In fact, her head was just going along for the ride. The driver was that her eyes were bobbing up and down: picture to words to picture to words to picture to words... You get the picture. It wasn't pretty. Sad

She seemed much happier with the annotated version. I'm glad you folks liked it too. Very Happy

--Rik
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beetleman



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PostPosted: Tue Apr 24, 2007 10:52 am    Post subject: Reply with quote

WOW, what an incredible set of photos. Sharp, crisp, and packed full of information. Well done and very professional.
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rjlittlefield
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PostPosted: Wed Jun 06, 2007 8:36 am    Post subject: Reply with quote

Thanks for the compliments, Doug.

Well, here we are, six weeks later, and I never saw a hint of a seed pod. So I guess they don't self-pollinate, and I guess nothing here pollinates them either. Curious.

Handy though -- makes it so much easier to keep them confined where we want them...very unlike the neighbor's Virginia Creeper that used to be two houses down the street... Rolling Eyes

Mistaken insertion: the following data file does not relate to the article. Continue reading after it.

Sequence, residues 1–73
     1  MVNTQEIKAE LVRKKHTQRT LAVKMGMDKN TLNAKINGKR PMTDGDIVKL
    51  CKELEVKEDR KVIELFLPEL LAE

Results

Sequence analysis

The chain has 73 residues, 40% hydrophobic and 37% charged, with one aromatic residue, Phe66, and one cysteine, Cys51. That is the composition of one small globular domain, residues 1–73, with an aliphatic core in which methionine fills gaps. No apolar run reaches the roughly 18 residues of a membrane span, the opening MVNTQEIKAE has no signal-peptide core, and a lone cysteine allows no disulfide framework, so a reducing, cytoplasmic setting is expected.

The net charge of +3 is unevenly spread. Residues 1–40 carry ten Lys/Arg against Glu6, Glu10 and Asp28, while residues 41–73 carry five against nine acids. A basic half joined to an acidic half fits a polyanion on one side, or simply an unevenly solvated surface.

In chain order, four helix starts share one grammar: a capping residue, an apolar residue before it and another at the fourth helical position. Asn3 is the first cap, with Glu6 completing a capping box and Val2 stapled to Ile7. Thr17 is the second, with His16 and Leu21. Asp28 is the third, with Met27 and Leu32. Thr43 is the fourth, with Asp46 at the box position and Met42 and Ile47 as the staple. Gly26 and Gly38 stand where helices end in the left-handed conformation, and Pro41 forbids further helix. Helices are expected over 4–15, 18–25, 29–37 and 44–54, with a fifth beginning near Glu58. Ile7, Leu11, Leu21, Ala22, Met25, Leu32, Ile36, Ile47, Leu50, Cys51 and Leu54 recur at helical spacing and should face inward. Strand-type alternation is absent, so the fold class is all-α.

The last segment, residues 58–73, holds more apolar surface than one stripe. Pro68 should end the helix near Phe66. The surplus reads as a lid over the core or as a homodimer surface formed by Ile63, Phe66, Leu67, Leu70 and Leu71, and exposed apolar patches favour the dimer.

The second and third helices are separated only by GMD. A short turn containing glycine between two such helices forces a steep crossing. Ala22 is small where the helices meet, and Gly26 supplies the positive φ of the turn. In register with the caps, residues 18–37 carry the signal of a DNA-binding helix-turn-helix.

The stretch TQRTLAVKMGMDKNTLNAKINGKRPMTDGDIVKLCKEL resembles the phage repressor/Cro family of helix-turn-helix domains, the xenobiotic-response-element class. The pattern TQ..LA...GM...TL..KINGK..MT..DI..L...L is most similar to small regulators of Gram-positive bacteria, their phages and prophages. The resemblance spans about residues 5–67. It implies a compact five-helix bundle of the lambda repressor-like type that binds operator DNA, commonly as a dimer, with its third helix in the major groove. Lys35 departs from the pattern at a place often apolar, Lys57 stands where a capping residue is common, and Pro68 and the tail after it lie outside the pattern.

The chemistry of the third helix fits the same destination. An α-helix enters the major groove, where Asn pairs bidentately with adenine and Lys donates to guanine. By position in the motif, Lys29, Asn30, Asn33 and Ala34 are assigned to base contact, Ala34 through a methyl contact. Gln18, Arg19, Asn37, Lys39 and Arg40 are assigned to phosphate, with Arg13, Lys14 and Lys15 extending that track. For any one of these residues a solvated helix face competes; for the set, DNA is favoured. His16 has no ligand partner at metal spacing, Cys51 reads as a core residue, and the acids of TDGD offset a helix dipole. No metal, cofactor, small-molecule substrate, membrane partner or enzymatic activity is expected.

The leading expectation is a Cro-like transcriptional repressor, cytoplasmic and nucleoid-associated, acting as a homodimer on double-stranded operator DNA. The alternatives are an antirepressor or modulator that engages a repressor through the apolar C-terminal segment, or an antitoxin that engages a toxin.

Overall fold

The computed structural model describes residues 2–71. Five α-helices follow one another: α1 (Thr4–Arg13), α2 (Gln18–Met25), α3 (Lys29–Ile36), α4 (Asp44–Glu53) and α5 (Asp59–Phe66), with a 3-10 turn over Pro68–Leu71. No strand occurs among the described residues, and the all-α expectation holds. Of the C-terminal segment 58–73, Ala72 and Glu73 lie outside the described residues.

--Rik
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karl-m



Joined: 24 Apr 2007
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PostPosted: Wed Jun 06, 2007 3:47 pm    Post subject: Reply with quote

These are amazing......i would never have thought of cutting up a flower head for this type of detailed work.....

My eldest Daughter will like seeing these because they've been learning about plant reproduction.....
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Planapo



Joined: 07 Nov 2006
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Location: Germany, in the United States of Europe

PostPosted: Wed Jun 06, 2007 4:52 pm    Post subject: Reply with quote

Rik - The six weeks ago I did already see this outstanding contribution of yours, enjoyed it and had in mind to post an answer but, as it goes, got distracted and then this post went out of sight and I forgot about it.
So, now that it has been brought up again I don´t wanna miss to drop a few lines.

For a botany course I had to take some time ago it was Vinca minor´s flower that I chose as object of study. Accordingly I had to dig a bit into the literature and thus can provide some more information on this flower´s peculiar functional morphology. I think if I had had your photos, I wouldn´t have felt the need to use a stereoscope for my work at that time. Very Happy